It goes without saying that you don’t want to buy a house and find out later that you’re sharing it with pests. Bugs and animals won’t show up at an open house, so keep your eyes (and ears) open. Even a clean-looking home can have hidden problems with pests. Keep an eye out for these tell-tale signs of unwanted guests.
  • small piles of sawdust near wood trim
  • holes in the exterior of the house, especially near the roof and under the eaves
  • animal droppings in corners, near baseboards, or in the kitchen area 
  • rooted wood
  • chewed wires
  • reddish-brown spots in bedrooms (bedbugs)
  • a strong smell of ammonia from animal urine
  • scratching sounds in the walls
Many potential home buyers opt to get a separate pest inspection done for their own peace of mind.

Beware DIY Additions or Renovations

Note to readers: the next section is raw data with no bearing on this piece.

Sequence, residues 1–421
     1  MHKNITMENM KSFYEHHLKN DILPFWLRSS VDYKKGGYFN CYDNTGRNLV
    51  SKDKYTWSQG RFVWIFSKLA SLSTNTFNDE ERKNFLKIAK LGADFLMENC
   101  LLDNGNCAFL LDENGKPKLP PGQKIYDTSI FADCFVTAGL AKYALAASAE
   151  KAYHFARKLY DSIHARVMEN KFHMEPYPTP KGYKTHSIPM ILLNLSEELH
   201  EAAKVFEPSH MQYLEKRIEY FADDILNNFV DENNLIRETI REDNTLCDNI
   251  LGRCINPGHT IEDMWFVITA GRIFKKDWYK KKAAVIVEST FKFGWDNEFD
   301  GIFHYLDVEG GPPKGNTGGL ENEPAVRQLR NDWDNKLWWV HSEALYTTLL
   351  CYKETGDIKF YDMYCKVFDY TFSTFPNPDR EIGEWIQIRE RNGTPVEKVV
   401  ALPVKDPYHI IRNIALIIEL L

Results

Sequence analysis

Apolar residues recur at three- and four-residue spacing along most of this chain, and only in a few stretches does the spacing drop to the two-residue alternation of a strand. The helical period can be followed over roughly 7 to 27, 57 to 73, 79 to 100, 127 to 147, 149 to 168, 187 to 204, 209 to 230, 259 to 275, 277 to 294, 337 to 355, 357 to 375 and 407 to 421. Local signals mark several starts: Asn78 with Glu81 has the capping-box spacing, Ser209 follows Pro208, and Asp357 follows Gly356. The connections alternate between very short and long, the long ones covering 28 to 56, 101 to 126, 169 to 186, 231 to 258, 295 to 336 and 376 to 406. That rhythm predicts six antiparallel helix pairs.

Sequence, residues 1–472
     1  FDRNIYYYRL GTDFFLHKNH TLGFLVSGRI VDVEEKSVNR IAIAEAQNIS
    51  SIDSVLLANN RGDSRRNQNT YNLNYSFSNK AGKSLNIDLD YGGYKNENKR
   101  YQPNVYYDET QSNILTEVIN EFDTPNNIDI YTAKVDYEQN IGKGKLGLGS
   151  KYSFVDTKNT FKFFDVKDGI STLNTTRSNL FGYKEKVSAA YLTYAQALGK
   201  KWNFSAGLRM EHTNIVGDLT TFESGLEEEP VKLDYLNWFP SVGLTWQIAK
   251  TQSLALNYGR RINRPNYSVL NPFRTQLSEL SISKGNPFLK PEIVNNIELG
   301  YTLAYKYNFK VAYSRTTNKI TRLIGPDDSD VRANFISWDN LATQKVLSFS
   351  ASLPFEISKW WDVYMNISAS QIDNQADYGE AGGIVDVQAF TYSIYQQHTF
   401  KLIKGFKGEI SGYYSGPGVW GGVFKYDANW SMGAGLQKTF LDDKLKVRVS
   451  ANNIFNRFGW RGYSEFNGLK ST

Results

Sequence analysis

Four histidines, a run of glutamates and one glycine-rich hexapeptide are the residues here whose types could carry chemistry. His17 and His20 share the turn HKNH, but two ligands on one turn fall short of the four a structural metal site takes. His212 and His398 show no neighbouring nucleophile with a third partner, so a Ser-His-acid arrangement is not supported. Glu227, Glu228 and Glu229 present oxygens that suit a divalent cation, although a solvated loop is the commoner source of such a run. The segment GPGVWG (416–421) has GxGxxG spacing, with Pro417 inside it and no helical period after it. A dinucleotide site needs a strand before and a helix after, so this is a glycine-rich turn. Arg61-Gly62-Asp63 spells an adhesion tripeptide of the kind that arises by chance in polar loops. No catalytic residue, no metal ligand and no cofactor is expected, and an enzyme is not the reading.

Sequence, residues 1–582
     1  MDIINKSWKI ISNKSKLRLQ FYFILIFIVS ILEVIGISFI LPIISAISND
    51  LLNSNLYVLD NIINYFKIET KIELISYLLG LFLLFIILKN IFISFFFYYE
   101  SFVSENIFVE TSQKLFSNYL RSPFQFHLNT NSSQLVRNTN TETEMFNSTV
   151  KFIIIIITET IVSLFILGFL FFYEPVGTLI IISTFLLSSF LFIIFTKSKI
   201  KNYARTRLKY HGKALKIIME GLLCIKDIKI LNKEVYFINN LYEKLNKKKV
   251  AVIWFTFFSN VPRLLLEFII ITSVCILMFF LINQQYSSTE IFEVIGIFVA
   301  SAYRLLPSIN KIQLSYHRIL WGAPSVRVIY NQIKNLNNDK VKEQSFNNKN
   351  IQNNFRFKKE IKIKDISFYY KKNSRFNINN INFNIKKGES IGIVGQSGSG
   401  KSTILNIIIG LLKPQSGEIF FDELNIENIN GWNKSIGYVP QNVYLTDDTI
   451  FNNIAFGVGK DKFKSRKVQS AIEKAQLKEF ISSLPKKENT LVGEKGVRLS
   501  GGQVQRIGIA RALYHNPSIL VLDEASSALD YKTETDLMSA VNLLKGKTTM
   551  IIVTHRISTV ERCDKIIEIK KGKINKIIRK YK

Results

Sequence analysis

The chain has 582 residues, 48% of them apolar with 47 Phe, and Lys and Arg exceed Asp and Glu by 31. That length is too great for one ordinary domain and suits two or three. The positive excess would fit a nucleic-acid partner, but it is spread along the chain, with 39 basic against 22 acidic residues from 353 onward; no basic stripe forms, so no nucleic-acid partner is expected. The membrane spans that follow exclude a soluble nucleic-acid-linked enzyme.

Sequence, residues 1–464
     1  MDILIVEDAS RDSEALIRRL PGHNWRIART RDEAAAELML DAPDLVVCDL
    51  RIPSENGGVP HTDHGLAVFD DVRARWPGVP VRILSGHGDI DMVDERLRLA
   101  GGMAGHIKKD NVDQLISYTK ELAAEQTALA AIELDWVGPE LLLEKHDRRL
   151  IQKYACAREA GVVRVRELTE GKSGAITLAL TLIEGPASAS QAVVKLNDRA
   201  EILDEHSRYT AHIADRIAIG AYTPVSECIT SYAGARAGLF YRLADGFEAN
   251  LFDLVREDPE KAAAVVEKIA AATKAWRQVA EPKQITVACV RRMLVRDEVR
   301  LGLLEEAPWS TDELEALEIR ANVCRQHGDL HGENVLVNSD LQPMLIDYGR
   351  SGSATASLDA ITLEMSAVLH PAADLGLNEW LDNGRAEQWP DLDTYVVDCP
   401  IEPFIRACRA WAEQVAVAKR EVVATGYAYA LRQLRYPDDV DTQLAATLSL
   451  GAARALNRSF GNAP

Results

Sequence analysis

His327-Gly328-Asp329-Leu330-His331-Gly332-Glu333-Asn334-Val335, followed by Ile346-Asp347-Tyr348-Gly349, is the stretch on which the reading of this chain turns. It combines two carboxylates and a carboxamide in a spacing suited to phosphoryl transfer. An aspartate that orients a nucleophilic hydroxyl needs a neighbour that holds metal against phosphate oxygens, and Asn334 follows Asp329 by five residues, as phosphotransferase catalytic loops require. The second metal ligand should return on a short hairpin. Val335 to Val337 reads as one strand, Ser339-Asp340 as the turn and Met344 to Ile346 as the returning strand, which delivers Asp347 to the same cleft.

Most people don’t think they have the knowledge to build a structurally sound home. A lot of people, though, attempt their own renovations and additions. People sometimes patch together their own crew of friends or family members who do construction on the side or are just handy.  You know what a lot of DIY home projects have in common? They don’t have the right building permits, and they haven’t had plumbing and electrical work signed off by an inspector. Make sure your own home inspector looks carefully at any DIY projects in a prospective home.    Buying a home can be overwhelming. Don’t be afraid to ask questions of the seller, your real estate agent, and your building inspector. If you’re not getting the answers you need, don’t be afraid to get a second opinion. You’ll save yourself a lot of frustration, and you can move into your new home with a few less worries. Need help with a move? Contact us to schedule a virtual home survey.